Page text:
Half-term. After it school returns to almost a semblance of normality. I have my classroom back. Room 14 with its view of Leckhampton Hill. After the last of the students had left this afternoon, I rearranged the classroom furniture and I began to move books back to my room.
There was almost a sense of relief in not completing the task, in needing at least another two or three hours to ready everything for 7th June. It will mean going into school one day next week.
Walking down a corridor, I passed one of the assistant head teachers. I asked about a summer scheme that had been mooted for mid- July and for which I had volunteered, it is going ahead, it will take five days out of the summer holiday.
Of course, I look forward to the weekend and to the holidays, but when they arrive, they fill me with dread. At sixty, I do not have the energy I had when I was fifty and am weak equivalent of the person I was when I was forty, but I realize that I need to keep going as long as possible. I wonder sometimes if I could keep a job until I am seventy-five, the maximum age permitted by Gloucestershire County Council.
The thought of retirement would fill me with dread. The activities of retirement existence are never things that have attracted me. I have no hobbies. Golf seems pointless and gardening never had any appeal. There seems something bleak in the thought of Saga holidays and diamond discount Tuesdays. I do not want to become a “twirly,” one of those older people who get on a bus before the off peak fares have begun and ask the driver, “am I to early?”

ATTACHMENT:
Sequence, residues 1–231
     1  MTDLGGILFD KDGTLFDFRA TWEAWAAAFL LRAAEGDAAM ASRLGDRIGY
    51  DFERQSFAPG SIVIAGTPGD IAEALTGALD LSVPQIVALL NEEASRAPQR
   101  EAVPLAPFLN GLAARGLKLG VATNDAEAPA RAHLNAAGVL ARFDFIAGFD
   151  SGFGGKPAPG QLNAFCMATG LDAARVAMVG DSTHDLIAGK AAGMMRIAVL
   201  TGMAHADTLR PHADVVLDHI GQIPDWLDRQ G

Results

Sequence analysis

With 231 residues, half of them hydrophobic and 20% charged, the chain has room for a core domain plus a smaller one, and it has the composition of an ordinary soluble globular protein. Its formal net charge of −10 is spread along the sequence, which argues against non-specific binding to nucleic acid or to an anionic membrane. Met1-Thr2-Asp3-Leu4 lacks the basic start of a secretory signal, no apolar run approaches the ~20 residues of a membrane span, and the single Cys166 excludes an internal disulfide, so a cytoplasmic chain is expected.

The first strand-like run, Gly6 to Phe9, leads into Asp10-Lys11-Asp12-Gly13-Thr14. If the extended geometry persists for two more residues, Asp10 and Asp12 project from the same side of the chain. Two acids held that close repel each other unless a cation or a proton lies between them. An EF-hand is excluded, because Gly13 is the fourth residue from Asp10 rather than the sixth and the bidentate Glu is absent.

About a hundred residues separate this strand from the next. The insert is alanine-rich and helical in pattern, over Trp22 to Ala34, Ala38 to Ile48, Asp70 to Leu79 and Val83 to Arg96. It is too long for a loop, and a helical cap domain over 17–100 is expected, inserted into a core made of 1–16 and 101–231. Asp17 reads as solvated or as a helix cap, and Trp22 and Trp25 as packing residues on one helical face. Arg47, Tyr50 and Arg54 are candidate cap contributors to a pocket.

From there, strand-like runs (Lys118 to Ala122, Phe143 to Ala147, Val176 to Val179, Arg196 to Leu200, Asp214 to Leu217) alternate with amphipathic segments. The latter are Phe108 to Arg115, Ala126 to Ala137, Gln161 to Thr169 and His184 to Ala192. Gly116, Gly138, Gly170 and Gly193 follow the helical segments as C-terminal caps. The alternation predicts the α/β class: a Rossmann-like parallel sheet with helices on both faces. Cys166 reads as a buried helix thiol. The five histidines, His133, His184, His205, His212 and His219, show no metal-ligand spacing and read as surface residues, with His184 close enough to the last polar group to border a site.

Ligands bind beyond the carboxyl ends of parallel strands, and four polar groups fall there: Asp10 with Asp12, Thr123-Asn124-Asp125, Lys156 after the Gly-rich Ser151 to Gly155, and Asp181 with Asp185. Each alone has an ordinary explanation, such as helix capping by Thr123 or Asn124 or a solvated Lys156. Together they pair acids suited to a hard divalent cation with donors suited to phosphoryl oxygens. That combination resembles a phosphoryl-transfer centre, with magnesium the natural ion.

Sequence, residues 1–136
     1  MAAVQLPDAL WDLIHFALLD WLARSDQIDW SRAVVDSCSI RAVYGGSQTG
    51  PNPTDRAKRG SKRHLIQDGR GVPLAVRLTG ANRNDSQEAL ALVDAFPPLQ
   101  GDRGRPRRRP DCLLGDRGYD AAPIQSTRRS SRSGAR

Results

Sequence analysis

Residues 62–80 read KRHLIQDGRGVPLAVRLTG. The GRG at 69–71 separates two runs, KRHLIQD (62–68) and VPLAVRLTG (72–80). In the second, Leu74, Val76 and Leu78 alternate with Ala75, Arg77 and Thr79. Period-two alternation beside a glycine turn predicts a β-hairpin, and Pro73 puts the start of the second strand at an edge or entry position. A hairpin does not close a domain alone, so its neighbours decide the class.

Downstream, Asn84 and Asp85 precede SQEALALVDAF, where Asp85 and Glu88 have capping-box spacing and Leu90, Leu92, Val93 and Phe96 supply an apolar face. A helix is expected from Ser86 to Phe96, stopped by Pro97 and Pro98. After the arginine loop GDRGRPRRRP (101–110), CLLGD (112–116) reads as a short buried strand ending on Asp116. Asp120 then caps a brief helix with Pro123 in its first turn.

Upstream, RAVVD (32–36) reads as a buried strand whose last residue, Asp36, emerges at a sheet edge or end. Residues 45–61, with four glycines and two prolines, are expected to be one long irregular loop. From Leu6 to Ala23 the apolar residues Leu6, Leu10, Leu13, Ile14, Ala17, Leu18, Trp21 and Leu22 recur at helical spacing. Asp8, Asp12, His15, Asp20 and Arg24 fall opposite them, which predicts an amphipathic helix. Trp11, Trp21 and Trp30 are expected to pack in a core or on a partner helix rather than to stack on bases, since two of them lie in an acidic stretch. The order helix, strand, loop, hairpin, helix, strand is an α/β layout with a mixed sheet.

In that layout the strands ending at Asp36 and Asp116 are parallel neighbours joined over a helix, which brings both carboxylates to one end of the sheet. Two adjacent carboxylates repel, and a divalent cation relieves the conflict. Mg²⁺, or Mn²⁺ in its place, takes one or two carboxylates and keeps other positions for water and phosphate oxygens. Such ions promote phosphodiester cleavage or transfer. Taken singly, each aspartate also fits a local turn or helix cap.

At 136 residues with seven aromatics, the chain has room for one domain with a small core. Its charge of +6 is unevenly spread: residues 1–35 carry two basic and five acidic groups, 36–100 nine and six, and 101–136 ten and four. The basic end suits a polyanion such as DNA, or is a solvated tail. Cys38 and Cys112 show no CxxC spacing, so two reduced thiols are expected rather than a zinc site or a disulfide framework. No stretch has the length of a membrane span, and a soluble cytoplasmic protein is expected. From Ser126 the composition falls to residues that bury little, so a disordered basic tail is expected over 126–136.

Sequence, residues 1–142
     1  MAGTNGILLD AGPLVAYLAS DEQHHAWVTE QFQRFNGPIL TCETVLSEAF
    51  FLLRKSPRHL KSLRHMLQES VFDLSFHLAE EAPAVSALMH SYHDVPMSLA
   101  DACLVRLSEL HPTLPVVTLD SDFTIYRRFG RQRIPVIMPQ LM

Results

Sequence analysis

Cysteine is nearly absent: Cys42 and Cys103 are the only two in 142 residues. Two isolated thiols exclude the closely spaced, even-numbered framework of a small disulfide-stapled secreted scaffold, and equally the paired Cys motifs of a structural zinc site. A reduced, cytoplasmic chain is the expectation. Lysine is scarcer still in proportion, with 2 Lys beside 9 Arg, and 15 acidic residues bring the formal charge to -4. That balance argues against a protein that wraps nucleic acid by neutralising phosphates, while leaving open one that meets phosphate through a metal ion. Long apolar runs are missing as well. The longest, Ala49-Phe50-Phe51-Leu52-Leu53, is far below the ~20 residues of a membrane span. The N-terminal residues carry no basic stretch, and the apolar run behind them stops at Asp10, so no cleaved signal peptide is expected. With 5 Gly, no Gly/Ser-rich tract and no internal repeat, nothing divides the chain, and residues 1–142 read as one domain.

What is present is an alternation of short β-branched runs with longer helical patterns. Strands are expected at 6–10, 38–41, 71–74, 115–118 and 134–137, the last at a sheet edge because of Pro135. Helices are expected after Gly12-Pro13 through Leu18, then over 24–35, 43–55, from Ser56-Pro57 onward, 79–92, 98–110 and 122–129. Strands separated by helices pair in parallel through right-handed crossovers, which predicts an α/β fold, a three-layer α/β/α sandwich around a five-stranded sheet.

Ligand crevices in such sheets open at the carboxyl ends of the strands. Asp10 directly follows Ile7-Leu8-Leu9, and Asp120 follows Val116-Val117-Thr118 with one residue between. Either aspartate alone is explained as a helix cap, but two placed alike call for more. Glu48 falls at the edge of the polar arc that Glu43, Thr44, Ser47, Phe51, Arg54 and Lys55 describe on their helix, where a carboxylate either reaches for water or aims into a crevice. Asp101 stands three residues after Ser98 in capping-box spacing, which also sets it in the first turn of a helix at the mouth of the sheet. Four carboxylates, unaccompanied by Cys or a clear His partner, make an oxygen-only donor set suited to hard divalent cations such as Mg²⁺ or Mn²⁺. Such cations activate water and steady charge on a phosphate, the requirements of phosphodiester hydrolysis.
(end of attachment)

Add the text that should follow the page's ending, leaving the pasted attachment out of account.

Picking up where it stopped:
Retirement seems empty and rather purposeless when compared with workaday life, no matter how wearying the workdays may be, and they have recently been very wearying.
There is a poem by Charlotte Mew called Old Shepherd’s Prayer. The lines articulate a hope of an old man that even in a life to come he might carry on his work:
. . . I wud like to wake to they same green places
Where I be know’d for breakin’ dogs and follerin’ sheep.
And if I may not walk in th’ old ways and look on th’ old faces
I wud sooner sleep.
I am what I do. I want to be known for continuing to do the things I have always done – for as many years as possible.
60? A mere stripling. When you retire work will find you.
You will be roped into voluntary work. Organisations are looking for sensible, experienced reliable people without ambitions of a long career. I did that on short term contract. for some reason I got varied and interesting work whereas the younger permanent staff got the boring work. But that is for you to instigate.
You could do tutoring pupils needing extra tuition either in person or on line.
On line your students could be anywhere in the world.
A former colleague has taken up stone sculpture. Another has learned gold smithing. There is great enjoyment in doing something well without regard for deadlines, budgets or because you need the money.
Investigate local authority further education / night classes.